Greenwald has only been blogging since October, but he's already made a difference. Last Tuesday he uncovered the fact that General Hayden's defense of the NSA spying contradicted previous statements by James A. Baker of the Justice Dept, and now the Washington Post and the LA Times have picked up the story (although the Post, to it's discredit, doesn't credit Greenwald for his work.)
In the LA Times article, the spin is that the administration lied about wanting the FISA standards for obtaining a warrant reduced so as to avoid a public debate which might reveal the scope of the program. I find this to be a very feeble attempt at justification, as it is based on the silly presumption that terrorist would not be expecting to be spied on. Here's what Baker had to say in 2002 when he opposed the reduced FISA standards:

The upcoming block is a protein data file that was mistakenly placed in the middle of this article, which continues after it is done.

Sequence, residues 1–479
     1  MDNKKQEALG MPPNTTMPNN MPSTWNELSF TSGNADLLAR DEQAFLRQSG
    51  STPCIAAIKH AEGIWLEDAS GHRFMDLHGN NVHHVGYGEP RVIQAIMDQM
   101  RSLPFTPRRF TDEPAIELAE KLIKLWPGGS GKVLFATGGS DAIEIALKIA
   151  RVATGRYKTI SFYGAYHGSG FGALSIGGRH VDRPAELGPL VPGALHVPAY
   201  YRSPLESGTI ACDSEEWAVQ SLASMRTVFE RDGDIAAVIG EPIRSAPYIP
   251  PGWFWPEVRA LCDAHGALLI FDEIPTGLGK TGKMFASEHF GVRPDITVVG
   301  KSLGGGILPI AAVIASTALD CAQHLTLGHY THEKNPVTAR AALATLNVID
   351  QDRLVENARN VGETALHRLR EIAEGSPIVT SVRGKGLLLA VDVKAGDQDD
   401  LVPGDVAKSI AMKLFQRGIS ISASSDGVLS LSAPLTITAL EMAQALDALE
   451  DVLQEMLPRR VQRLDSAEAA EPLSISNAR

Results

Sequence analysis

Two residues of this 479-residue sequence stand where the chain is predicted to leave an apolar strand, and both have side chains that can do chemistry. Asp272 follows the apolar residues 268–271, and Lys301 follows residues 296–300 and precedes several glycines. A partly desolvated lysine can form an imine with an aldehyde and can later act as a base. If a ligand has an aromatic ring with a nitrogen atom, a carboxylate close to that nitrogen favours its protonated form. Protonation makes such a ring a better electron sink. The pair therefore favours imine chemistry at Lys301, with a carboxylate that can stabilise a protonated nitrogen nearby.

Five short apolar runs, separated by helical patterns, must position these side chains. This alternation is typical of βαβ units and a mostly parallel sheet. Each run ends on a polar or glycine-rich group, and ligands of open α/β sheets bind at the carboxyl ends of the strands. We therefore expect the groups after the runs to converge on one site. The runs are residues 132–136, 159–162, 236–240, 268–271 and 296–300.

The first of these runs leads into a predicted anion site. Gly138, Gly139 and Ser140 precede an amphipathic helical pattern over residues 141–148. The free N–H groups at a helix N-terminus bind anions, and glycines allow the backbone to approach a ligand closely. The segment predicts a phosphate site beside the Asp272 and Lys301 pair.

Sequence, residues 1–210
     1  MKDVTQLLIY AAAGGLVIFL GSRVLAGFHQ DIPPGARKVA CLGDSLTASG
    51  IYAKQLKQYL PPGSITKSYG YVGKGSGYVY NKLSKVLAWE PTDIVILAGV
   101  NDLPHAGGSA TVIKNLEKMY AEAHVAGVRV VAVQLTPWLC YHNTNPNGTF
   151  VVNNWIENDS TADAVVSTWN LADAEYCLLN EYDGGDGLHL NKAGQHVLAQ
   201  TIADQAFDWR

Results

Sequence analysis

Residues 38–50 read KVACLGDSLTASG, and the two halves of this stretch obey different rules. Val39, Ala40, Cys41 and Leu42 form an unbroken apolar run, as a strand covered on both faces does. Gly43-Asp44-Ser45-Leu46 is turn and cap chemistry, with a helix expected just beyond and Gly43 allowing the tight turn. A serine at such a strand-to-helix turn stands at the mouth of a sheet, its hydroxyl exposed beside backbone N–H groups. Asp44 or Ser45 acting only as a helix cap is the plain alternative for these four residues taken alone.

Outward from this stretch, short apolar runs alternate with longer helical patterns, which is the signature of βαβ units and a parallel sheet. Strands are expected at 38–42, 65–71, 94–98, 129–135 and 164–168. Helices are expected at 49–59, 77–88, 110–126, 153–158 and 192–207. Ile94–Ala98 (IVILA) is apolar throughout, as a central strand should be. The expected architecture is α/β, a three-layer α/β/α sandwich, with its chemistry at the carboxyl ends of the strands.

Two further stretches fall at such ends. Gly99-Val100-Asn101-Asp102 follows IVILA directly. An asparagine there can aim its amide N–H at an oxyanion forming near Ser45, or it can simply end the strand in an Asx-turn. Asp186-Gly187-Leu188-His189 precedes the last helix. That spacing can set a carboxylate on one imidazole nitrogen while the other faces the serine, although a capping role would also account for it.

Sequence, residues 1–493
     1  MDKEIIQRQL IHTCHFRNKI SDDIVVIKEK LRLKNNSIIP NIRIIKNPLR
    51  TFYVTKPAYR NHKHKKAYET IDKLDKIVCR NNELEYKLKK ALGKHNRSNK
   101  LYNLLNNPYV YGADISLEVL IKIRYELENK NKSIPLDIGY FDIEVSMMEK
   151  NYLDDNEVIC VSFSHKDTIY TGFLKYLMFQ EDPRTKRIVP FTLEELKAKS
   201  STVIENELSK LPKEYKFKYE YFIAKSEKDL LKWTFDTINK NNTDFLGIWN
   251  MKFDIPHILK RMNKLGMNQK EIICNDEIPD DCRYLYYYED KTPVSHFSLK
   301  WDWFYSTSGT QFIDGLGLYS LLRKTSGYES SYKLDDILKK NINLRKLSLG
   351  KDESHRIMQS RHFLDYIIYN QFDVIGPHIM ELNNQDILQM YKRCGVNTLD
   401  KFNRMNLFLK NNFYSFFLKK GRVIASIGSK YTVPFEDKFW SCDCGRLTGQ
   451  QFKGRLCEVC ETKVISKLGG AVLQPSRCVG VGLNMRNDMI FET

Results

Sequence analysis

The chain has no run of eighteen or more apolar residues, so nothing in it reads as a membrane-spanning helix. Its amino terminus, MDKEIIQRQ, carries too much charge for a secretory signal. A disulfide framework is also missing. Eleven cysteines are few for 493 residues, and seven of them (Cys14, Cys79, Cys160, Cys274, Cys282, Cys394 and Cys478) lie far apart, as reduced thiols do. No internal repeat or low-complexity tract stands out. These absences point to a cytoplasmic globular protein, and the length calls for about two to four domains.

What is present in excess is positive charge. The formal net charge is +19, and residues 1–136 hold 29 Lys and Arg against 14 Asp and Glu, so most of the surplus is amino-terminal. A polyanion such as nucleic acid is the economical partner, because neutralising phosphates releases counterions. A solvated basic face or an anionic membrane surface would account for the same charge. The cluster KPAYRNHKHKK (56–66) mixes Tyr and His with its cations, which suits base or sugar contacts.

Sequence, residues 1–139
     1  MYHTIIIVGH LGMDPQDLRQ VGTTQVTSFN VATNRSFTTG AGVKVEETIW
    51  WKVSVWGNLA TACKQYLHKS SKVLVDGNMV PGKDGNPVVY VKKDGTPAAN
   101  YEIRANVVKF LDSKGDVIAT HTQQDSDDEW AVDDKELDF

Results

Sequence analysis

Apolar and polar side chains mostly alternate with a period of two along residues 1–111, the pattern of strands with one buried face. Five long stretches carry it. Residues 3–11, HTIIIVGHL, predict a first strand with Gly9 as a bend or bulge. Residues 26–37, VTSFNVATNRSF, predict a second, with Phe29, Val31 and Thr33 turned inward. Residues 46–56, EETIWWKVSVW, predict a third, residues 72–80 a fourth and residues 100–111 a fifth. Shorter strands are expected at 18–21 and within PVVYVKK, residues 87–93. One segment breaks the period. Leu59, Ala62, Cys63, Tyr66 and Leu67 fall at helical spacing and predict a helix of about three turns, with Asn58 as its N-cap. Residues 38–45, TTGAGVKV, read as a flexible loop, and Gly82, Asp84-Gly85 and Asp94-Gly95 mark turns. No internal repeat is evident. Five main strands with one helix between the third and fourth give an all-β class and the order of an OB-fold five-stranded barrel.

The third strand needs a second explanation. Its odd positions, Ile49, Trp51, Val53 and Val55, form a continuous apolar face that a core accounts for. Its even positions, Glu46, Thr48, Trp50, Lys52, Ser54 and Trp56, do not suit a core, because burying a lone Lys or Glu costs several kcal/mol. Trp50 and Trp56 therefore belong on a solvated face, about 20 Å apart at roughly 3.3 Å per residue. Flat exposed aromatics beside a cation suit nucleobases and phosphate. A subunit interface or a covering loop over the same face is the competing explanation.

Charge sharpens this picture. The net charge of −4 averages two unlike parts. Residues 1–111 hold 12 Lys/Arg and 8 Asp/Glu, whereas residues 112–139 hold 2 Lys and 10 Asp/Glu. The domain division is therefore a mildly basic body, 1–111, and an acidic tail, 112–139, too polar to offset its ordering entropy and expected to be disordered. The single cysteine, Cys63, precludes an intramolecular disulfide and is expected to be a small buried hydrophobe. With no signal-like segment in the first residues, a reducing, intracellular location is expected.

The reforms in those measures (the PATRIOT Act) have affected every single application made by the Department for electronic surveillance or physical search of suspected terrorists and have enabled the government to become quicker, more flexible, and more focused in going "up" on those suspected terrorists in the United States.
One simple but important change that Congress made was to lengthen the time period for us to bring to court applications in support of Attorney General-authorized emergency FISAs. This modification has allowed us to make full and effective use of FISA's pre-existing emergency provisions to ensure that the government acts swiftly to respond to terrorist threats. Again, we are grateful for the tools Congress provided us last fall for the fight against terrorism. Thank you.